Making presentations more interesting and funnier

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    Von Ken Taylor

    Alex K.: "How can I  make a presentation more interesting?"

     

    Dear Ken

    Do you have any tips on how to make a presentation to a customer more interesting or funnier?

    All the best to you, Ken!
    Philipp T.

     

    Ken Taylor: "When time is short, leave out the theory, not the example"

     

    Dear Philipp


    Each presenter has his or her own style, and you need to feel comfortable with what you are doing. However, ­having said that, here are ten things you can do to make your ­presentations more interesting for your listeners.

    1. Have a good opening that clearly tells the audience what the goal of the presentation is.

    2. Tell your audience why they should listen to you. What’s in it for them? The clearer the benefitVorteil, Nutzenbenefits are, the more likely it is that people will listen to you.

    3. Keep your sentences short. Use everyday language and avoid clichés and overused buzzwordSchlagwortbuzzwords.

    4. Make your audience feel part of the presentation. Ask for their opinions, experience and agreement. Use inclusive language — “we” or “you” instead of “I”.

    5. Use quotes to to back upstützenback up your ideas; statistics (especially if they are surprising) to prove your case; and analogies to create memory hookMerkhilfememory hooks. For example: “Ideas are like children — you love your own.”

    6. Give practical examples of what you are talking about, especially from your audience’s world. Examples illustrate your message more clearly than theoretical descriptions. When time is short, leave out the theory, not the example!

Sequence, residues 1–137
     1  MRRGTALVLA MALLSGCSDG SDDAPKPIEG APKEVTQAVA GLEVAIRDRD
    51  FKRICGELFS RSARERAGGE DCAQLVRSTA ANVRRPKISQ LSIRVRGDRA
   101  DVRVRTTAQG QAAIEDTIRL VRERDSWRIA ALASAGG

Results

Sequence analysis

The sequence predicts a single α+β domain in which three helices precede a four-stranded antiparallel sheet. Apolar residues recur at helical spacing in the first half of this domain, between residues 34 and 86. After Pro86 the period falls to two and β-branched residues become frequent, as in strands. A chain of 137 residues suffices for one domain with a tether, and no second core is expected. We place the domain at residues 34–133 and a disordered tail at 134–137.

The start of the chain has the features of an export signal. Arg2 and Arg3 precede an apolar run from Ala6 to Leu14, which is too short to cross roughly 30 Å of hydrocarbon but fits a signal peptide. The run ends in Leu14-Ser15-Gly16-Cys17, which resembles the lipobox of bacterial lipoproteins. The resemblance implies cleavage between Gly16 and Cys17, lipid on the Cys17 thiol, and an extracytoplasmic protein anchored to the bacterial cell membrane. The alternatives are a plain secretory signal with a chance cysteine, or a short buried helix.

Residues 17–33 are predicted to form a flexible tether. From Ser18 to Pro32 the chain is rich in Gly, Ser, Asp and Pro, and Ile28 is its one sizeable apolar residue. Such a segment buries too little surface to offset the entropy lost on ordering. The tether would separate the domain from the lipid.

7. Use humour carefully. Humour needs to be understandable, culturally acceptable — and funny! Make sure that you are not pointing the finger at anyone. The safest person to to poke fun at sb.sich über jmdn. lustig machenpoke fun at is yourself.

    8. Don’t to drownertränkendrown your audience in PowerPoint slides. Turn the screen off occasionally and talk without a slide. Your words then carry more weight. And remember that one picture on a slide is worth a thousand words.

    9. Use signpostingwegweisendsignposting language. Tell your audience when you are going to change the subject. For example: “So we’ve looked at… Now, let’s move on to...”

    10. Summarize your key messages at the end and make a final memorableeinprägsammemorable statement; for example: “If there is one thing you should remember, it’s...”


    I hope you find this of help.

    Regards
    Ken

     
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    Related audio and exercise

    Explore the topic further by following these links:

    Exercise: Interesting presentations
    Audio: An audience-friendly presentation

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